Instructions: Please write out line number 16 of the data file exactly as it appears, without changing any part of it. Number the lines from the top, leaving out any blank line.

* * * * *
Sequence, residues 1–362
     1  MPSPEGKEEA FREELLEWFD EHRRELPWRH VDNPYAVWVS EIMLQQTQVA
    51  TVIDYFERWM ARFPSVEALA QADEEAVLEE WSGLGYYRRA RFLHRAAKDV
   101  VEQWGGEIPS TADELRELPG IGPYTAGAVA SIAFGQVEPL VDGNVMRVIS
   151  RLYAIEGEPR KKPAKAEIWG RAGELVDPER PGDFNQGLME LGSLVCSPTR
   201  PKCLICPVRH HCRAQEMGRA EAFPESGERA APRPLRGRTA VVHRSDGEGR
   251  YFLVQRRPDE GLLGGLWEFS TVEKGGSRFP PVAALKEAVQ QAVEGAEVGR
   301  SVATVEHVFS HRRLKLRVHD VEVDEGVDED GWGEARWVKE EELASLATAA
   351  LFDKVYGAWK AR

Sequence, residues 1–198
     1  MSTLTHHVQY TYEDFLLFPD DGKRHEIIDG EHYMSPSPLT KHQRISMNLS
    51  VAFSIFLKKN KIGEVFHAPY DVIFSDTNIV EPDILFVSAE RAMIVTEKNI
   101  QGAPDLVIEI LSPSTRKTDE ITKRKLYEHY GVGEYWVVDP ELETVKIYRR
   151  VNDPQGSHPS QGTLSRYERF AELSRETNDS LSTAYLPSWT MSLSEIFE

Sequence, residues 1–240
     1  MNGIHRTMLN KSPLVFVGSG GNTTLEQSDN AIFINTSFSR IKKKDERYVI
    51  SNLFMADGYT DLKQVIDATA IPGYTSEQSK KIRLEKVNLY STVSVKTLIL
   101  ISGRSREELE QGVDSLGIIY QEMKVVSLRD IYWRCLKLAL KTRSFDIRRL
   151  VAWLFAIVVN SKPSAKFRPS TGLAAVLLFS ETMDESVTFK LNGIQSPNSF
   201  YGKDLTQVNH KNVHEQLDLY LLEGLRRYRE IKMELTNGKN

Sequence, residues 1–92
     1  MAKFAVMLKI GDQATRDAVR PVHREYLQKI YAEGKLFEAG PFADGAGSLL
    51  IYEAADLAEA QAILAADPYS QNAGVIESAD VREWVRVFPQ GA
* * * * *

     1  MNGIHRTMLN KSPLVFVGSG GNTTLEQSDN AIFINTSFSR IKKKDERYVI